Clinton Federal Judges
Private Meetings 'Reek
With Impropriety'
By Jerry Seper
The Washington Times


The eight federal judges appointed by President Clinton to the U.S. District Court in Washington meet privately every month in closed-door sessions that other jurists believe are improper and call into question the court's impartiality.
"I cannot imagine any legitimate reason for them to meet together once a month, even socially," said one veteran courthouse official familiar with the sessions.
"It's not only in bad taste, it certainly has the appearance of impropriety. It's hard to imagine any rationale for these meetings."
Another court official said they "reek with impropriety."
Concern among courthouse officials about the meetings, which are described in e-mail addressed monthly to each of the eight judges, comes at a time that Chief U.S. District Judge Norma Holloway Johnson is being publicly criticized for selectively assigning criminal cases against friends and associates of Mr. Clinton's to judges the president has appointed.
None of the eight Clinton-appointed judges, all of whom were named to the bench between 1994 to 1998, would comment on the meetings or their content.
"I have no comment to make on these matters," said U.S. District Judge Henry H. Kennedy Jr., the only one of the eight who personally answered a telephone call. A spokeswoman for Judge Richard W. Roberts returned a call but said only that the judge "declined comment."
Four judges appointed by other presidents, both Republican and Democrat, said the meetings have been taking place for some time, although specific topics are not known. They question the propriety of the sessions and lament what they described as the "loss of collegiality" when the judges fail to come together as a group -- which the others do often.
"The Clinton appointees have confirmed that they meet together, and we know they do, but where they go and what they discuss I just don't know," said one judge. "But a very important part of what we do here is our collegiality. We all come with political viewpoints but we try to leave politics behind. Unfortunately, the Clinton appointees have gone off on their own."
The nature of the isolation, another judge said, was punctuated by an e-mail message sent to all of the judges inviting them to a birthday party for U.S. District Judge Ricardo M. Urbina, a 1994 Clinton appointee. The message asked the judges to guess Judge Urbina's age for a prize but excluded members of the "Magnificent Seven" -- a name the first seven Clinton appointees had used to describe their group before Judge Roberts' 1998 appointment.
There are 23 judges at the federal courthouse, including the eight named by Mr. Clinton. Five were appointed by President Carter and five by President Reagan. Four were named by President Johnson and one was picked by President Nixon. None of the other judges hold separate meetings, courthouse sources said.
Questions of impropriety at the courthouse have drawn the attention of the Senate Judiciary Committee, whose chairman, Sen. Orrin G. Hatch, Utah Republican, is considering whether to begin an investigation or call for hearings to resolve the issue.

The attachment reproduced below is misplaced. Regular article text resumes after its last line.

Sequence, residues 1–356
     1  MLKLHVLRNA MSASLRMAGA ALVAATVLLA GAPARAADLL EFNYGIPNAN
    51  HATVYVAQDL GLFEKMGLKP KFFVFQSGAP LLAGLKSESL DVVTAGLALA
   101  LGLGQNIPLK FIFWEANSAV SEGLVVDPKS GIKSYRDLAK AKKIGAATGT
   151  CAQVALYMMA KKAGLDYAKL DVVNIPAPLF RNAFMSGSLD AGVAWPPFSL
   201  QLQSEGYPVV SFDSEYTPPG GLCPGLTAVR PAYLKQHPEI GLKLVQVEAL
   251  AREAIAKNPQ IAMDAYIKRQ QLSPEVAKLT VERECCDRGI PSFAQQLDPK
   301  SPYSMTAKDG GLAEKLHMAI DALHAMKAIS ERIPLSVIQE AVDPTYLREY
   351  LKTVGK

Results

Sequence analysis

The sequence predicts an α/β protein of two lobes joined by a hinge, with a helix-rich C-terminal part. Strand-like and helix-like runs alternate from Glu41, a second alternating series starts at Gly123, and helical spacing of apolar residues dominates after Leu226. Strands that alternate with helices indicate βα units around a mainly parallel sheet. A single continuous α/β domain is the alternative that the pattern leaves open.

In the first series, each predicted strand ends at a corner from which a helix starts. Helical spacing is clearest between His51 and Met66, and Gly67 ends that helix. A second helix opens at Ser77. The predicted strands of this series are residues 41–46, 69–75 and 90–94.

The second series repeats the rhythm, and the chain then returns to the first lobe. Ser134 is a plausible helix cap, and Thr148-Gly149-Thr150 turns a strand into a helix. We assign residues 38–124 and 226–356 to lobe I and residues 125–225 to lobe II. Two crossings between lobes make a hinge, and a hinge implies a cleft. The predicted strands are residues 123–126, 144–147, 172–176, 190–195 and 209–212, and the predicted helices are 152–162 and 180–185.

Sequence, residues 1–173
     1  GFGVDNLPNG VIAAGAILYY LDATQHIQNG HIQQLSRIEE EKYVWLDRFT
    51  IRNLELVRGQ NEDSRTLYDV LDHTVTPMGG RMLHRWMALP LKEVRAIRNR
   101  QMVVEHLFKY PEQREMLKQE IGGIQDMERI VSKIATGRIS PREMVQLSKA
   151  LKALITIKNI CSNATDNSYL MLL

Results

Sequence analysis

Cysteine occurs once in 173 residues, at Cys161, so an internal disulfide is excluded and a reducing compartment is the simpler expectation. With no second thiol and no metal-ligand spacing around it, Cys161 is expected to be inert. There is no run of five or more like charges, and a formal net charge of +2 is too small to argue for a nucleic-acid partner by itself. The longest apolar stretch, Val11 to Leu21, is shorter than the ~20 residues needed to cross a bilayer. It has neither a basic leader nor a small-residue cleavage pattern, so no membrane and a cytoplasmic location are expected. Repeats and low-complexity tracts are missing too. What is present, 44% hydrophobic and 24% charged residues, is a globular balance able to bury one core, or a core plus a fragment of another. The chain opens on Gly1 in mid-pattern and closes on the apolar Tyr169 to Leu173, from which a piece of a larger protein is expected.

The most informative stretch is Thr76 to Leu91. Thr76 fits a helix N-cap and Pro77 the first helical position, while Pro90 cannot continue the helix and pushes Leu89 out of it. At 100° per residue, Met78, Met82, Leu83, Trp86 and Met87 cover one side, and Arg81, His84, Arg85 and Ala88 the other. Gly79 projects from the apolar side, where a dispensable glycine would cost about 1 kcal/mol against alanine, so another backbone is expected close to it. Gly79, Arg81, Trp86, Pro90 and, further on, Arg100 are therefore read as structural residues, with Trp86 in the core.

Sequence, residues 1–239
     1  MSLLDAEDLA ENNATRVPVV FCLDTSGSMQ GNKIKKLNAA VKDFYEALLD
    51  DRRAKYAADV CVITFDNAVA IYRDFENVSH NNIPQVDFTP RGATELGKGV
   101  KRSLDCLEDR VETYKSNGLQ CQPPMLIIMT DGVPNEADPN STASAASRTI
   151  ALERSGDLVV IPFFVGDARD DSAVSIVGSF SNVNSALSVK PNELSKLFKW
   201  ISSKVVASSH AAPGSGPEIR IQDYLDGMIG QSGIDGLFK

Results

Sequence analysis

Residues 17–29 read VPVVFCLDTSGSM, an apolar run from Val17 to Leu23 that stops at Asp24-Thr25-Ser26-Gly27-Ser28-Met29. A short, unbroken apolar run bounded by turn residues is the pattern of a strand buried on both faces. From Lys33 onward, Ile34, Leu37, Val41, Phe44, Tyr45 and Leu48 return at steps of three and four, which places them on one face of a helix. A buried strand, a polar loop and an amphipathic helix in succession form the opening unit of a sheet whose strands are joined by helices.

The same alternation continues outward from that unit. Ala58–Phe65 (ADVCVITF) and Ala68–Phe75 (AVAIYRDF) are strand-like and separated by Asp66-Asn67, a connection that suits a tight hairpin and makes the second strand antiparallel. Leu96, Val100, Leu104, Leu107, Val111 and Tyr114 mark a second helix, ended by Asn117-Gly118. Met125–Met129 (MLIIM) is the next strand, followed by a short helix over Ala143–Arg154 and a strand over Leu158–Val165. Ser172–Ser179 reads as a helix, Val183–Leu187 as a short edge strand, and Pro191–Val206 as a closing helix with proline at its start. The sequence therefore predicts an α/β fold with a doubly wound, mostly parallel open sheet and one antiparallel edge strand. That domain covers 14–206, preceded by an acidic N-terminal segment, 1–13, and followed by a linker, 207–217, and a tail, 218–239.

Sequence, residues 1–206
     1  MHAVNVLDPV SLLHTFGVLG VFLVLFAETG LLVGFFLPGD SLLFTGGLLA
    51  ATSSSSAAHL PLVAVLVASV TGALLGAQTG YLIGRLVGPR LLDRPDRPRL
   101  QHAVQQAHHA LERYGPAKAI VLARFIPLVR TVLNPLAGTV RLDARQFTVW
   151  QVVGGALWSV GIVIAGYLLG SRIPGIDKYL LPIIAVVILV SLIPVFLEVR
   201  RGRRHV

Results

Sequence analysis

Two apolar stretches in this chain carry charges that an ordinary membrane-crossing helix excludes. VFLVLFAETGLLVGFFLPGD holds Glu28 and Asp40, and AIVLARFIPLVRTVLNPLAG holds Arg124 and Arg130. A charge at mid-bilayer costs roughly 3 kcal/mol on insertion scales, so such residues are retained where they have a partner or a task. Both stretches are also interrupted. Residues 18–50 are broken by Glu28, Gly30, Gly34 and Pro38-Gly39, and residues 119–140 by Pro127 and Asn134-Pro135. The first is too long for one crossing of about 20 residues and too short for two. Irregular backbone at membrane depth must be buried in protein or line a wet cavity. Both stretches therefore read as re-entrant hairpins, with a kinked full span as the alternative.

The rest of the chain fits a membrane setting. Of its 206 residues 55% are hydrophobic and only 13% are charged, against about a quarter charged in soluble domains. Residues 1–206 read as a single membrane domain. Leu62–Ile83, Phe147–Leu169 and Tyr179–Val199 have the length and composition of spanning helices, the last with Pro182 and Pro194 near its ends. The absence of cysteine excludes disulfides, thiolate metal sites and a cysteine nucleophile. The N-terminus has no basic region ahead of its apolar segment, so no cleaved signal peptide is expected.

During a confirmation hearing yesterday for two Justice Department officials, Mr. Hatch described as "deeply troubling" reports that Judge Johnson had bypassed the court's random case assignment procedures "by taking the unusual step of handpicking" judges appointed by Mr. Clinton to hear cases involving Webster L. Hubbell and Charles Yah Lin Trie.
"Even if deviations from the district court's random case assignment procedures are technically permitted by local rule, I share the concern that has been expressed by other judges on the court that these assignments will damage the public's confidence that these cases were impartially adjudicated," he said.
Committee member Sen. Jeff Sessions, Alabama Republican, echoed Mr. Hatch's concerns, adding that as a former prosecutor he was "stunned" by the Johnson assignments.
He said it "might be necessary" for the committee to investigate the matter to restore the public's confidence.
On Tuesday, Judge Johnson defended her decision not to follow the court's traditional random-assignment process when she assigned the Hubbell and Trie cases to U.S. District Judges Paul L. Friedman and James Robertson --both Clinton appointees.
She said the cases were assigned to "highly capable federal judges" and that "politics was not and is never a factor in our case assignments."
She said the chief judge has the right to assign "protracted and complex cases" when it is deemed necessary, noting that "my predecessors and I have used this assignment system to enable our court to expeditiously handle high-profile criminal cases with their unique demands on judicial resources."
"It is the responsibility of the chief judge to move the docket as expeditiously as possible. That is all that was intended by these assignments," the judge said.
Some judges questioned whether the Hubbell and Trie cases, both of which ended in plea agreements, could be considered protracted or complex. They said several high-profile and lengthy trials have been assigned through the random-selection process.
Judge Friedman, who has declined comment on the matter, threw out several charges against Trie brought by the Justice Department's campaign finance task force. Trie later pleaded guilty when the rulings were overturned by the federal appeals court.
Judge Robertson was overturned in June when the appeals court reinstated a felony charge against Hubbell for making false statements to conceal his work on a fraudulent Arkansas land project. The court said the judge erred when he dismissed the first count of a 15-count indictment brought by Kenneth W. Starr.